In the meantime, check out Stokle’s map of the existing regional transit network — one of SPUR’s ideas for saving transit — after the break.

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Mapping Your City with Pictures Taken by Others

San Francisco, as photographed by locals (blue) and tourists (red). Image: Eric Fischer.

Click to enlarge: San Francisco, as photographed by locals (blue) and tourists (red). Image: Eric Fischer.

Data visualization is the rage right now, as city managers release ever more information through open source APIs and creative programmers tease out trends in colorful maps and images, beautifully depicting statistics that would otherwise be stuck in a dense spreadsheet only an actuary could love. Media foundations have been busy giving money to pioneering shops like Stamen, while those in the burgeoning field eagerly await the release of an ocean of new information in the 2010 Census.

Even before the Census results are available, however, creative minds like Oakland resident Eric Fischer have been busy manipulating available data sets to offer insight into the traditional maps of our cities.

Fischer, a computer programmer known to wonks and city buffs for his wonderful Flickr catalog of transportation and development master plans that died on a dusty shelf, has used demographic data to show racial integration in major U.S. cities, to tremendous effect. The maps are marvels, showing how we stereotype portions of the cities we know by racial make-up and how dramatically redevelopment and racialized zoning rules from earlier eras have stratified neighborhoods into singular racial enclaves.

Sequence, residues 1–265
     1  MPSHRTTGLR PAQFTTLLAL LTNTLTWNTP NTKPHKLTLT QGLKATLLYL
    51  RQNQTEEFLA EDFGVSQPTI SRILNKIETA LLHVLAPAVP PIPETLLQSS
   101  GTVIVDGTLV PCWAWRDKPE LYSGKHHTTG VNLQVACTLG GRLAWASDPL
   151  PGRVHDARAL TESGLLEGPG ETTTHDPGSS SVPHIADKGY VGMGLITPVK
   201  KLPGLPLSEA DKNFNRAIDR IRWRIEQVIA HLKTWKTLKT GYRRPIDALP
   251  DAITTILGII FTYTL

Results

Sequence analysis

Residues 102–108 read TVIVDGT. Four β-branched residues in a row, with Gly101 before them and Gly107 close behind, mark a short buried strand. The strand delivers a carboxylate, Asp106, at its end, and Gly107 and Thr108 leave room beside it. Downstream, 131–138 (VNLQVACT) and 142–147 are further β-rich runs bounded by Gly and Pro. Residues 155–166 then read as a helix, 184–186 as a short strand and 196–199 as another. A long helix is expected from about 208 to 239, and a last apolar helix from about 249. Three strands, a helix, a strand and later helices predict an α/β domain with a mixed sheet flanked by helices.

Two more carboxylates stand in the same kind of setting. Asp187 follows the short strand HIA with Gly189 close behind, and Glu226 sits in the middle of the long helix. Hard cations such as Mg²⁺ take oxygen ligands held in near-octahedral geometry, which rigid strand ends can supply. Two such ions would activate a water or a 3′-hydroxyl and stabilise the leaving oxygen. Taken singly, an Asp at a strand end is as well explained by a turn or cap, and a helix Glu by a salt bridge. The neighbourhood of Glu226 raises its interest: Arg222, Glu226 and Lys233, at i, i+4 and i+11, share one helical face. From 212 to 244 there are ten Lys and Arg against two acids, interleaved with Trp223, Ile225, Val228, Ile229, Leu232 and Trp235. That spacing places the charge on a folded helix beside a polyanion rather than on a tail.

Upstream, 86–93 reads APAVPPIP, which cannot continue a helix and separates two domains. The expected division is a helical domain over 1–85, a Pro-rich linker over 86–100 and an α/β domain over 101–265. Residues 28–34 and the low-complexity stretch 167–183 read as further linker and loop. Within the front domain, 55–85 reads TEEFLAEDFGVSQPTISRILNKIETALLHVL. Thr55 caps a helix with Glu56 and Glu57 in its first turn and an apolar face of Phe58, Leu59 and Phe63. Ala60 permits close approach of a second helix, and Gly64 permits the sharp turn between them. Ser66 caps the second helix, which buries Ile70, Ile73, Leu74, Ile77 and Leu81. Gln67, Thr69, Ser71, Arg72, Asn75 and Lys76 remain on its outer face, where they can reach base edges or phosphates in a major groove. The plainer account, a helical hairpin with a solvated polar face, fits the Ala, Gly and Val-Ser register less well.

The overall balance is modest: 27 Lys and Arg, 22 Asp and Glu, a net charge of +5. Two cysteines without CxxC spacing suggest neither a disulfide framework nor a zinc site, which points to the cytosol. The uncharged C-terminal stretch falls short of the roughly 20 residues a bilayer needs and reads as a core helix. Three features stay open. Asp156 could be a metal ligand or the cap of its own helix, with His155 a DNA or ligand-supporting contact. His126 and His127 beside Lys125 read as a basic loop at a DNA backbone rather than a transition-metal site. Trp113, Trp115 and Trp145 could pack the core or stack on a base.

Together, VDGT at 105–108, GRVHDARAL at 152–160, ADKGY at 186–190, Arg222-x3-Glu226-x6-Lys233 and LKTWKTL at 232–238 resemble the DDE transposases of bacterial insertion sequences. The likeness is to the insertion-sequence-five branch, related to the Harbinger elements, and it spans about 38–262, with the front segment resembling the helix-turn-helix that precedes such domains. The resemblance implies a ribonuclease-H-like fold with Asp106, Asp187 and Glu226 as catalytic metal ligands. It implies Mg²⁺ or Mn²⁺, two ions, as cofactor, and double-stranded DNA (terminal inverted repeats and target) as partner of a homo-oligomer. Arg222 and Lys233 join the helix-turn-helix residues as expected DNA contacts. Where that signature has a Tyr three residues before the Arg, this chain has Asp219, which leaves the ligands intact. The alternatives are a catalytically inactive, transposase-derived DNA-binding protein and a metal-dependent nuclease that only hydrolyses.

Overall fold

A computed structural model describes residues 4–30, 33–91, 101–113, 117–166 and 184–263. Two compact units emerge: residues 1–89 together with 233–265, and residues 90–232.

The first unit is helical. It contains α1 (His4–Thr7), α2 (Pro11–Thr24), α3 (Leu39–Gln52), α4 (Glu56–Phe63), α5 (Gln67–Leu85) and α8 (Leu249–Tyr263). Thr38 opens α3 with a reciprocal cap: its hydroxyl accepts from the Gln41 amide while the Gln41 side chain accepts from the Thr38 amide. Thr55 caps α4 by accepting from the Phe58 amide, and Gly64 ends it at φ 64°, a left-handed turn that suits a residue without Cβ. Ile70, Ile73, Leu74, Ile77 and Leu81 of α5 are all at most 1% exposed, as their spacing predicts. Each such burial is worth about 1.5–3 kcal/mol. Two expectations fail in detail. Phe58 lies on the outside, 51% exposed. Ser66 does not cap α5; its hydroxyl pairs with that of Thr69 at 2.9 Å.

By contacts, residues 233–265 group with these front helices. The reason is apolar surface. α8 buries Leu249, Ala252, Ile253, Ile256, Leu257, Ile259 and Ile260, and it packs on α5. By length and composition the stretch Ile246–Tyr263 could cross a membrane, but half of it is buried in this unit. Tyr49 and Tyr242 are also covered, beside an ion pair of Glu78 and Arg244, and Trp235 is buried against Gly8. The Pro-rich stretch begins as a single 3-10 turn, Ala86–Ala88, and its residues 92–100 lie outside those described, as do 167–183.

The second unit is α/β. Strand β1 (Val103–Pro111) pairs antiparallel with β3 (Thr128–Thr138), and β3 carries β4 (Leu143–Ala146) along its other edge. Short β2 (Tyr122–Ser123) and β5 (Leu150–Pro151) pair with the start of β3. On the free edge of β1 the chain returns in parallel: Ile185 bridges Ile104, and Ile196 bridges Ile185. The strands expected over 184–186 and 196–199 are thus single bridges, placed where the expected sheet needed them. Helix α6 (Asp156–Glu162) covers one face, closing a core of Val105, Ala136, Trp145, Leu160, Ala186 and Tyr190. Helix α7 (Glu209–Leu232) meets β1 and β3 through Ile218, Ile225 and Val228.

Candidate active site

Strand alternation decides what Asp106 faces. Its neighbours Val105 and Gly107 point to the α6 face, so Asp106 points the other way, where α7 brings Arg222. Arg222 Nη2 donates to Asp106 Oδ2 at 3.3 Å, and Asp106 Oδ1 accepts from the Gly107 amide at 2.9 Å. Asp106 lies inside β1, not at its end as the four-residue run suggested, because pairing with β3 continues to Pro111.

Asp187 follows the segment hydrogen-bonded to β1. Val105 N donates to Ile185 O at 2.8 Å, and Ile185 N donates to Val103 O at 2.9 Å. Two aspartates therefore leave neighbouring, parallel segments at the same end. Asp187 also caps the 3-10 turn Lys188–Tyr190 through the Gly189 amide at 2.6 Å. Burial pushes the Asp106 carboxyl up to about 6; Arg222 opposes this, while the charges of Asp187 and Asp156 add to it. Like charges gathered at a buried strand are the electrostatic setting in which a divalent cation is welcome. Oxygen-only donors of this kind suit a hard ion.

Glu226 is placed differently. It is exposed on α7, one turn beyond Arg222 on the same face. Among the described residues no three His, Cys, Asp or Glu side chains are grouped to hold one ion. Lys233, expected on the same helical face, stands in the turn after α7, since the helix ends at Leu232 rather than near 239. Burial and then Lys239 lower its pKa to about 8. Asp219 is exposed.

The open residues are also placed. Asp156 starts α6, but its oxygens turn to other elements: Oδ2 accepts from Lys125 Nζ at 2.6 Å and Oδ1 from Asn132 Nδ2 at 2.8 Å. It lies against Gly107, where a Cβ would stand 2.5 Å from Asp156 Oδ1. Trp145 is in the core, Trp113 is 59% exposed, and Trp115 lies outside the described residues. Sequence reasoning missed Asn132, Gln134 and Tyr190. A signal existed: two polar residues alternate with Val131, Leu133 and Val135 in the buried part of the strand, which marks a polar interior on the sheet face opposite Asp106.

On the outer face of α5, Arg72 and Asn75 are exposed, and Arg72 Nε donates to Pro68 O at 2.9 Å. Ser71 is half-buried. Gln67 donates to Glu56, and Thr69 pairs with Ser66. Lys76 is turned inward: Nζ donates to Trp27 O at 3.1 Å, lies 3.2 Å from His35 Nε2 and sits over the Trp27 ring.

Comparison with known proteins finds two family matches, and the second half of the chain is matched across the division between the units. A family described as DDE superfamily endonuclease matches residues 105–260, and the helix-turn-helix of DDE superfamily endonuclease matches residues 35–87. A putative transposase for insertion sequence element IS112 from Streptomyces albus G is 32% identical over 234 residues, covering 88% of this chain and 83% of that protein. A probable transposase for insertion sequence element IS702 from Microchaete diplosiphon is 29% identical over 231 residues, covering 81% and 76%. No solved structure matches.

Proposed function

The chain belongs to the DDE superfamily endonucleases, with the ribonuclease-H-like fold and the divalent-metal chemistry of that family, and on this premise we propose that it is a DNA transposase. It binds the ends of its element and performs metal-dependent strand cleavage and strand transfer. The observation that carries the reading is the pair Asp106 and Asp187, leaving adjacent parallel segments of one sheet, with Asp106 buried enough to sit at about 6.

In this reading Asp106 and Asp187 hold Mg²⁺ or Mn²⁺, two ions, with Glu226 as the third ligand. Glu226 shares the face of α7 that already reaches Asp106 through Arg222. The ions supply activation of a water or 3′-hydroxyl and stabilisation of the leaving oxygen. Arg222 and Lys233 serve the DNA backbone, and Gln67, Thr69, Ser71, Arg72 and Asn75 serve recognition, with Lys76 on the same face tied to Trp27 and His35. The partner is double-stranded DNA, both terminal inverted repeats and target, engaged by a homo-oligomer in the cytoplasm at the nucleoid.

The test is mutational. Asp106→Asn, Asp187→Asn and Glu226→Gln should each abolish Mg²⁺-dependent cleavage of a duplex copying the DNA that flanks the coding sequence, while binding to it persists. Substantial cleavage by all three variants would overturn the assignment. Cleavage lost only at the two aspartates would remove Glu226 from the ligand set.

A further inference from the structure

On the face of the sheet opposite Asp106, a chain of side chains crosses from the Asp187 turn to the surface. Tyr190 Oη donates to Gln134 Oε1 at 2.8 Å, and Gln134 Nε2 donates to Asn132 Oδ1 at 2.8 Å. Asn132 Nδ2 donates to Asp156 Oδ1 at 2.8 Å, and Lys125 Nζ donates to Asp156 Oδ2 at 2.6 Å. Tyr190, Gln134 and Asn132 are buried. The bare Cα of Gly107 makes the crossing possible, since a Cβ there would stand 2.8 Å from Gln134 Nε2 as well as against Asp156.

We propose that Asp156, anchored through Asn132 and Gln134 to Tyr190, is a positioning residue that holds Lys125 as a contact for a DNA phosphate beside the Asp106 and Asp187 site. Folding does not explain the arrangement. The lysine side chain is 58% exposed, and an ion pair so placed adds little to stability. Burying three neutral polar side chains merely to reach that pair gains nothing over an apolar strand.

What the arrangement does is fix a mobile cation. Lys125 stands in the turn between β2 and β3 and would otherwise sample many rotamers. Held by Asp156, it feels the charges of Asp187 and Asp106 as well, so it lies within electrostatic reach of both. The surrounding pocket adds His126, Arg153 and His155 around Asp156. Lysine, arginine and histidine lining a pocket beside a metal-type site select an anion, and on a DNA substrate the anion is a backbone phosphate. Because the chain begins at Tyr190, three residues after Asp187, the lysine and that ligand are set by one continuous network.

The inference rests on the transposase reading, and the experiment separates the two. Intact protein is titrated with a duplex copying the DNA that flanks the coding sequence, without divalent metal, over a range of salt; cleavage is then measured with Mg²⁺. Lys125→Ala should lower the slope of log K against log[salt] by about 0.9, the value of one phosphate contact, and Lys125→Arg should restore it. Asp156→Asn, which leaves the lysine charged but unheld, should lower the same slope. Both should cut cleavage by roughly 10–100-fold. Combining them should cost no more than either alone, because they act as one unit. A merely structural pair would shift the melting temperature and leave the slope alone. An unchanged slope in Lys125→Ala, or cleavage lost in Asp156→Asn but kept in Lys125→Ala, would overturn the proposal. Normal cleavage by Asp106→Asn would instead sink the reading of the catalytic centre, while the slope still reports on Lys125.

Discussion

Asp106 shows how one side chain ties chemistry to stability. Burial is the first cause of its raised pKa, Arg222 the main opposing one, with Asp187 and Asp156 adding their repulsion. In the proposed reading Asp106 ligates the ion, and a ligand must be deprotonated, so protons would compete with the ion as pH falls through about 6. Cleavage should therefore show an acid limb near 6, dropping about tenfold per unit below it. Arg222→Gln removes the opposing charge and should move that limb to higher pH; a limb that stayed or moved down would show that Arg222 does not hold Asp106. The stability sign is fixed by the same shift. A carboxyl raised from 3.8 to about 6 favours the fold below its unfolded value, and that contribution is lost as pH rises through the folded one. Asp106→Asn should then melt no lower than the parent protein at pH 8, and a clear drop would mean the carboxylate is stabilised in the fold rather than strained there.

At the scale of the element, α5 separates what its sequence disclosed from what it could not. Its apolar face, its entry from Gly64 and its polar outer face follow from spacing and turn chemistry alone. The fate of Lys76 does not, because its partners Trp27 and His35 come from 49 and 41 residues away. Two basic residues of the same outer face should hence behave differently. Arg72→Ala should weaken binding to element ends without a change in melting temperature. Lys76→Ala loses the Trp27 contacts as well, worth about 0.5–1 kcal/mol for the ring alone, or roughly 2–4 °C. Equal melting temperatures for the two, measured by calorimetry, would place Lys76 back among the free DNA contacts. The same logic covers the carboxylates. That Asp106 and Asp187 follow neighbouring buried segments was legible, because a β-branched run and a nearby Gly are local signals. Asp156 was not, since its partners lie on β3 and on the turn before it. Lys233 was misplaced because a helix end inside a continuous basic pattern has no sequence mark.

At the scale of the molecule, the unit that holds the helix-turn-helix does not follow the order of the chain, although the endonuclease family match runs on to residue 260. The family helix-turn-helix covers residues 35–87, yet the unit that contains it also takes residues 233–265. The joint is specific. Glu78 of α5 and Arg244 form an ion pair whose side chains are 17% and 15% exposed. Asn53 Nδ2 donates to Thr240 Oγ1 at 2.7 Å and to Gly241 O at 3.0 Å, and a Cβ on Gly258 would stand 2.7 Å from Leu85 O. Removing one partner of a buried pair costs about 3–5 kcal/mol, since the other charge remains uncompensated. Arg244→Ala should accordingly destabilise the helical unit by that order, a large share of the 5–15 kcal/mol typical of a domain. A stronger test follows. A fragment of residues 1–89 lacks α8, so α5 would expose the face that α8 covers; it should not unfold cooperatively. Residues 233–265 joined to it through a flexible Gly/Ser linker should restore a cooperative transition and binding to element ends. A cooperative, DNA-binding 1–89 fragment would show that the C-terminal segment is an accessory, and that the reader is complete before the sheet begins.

Fischer’s maps have been viewed by nearly a million people on Flickr, more than a few of whom have suggested he sell the images as posters or prints. “Looks like artwork,” writes one commenter of a New York City image. “I would hang this on my wall.”

In his most recent manipulations, Fischer has crunched the GPS coordinates, or geotags, available on many photos posted to Flickr and Picasa to develop maps of the pictures we’ve taken of our cities. These photos represent a living surrealist painting of urbanity, each new picture a dot in a stippled map Seurat couldn’t have dreamed of painting.

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Radical Cartography and Urban Racial Maps

Images: Eric Fisher

Click to enlarge the San Francisco racial dot map. One dot represents 25 people. Red dots represent Whites, Blue is Black, Green is Asian and Orange is Latino. Images: Eric Fischer

When is a map worth a thousand words? Bill Rankin, who maintains a website called Radical Cartography, has generated buzz with his racial and income maps of Chicago, which can test stereotypes Chicagoans have about the boundaries of their neighborhoods.

Rankin notes, for instance, that the boundaries of neighborhoods are always drawn as stark lines on informational maps, yet people in cities traversing their communities don’t always delineate the end of their neighborhood by the same streets (some streets, like Houston Street in New York City or Cesar Chavez Street in San Francisco, however, tend to mark a consensus change in neighborhood for those living near them).

Rankin found when he used dot mapping (one dot represents 25 people, for instance), the demographics can both reinforce those boundaries and blur them.

“There are indeed areas where changes take place at very precise boundaries… and Chicago has more of these stark borders than most cities in the world,” writes Rankin on his website. “But transitions also take place through gradients and gaps as well, especially in the northwest and southeast. Using graphic conventions which allow these other possibilities to appear takes much more data, and requires more nuance in the way we talk about urban geography, but a cartography without boundaries can also make simplistic policy or urban design more difficult — in a good way.”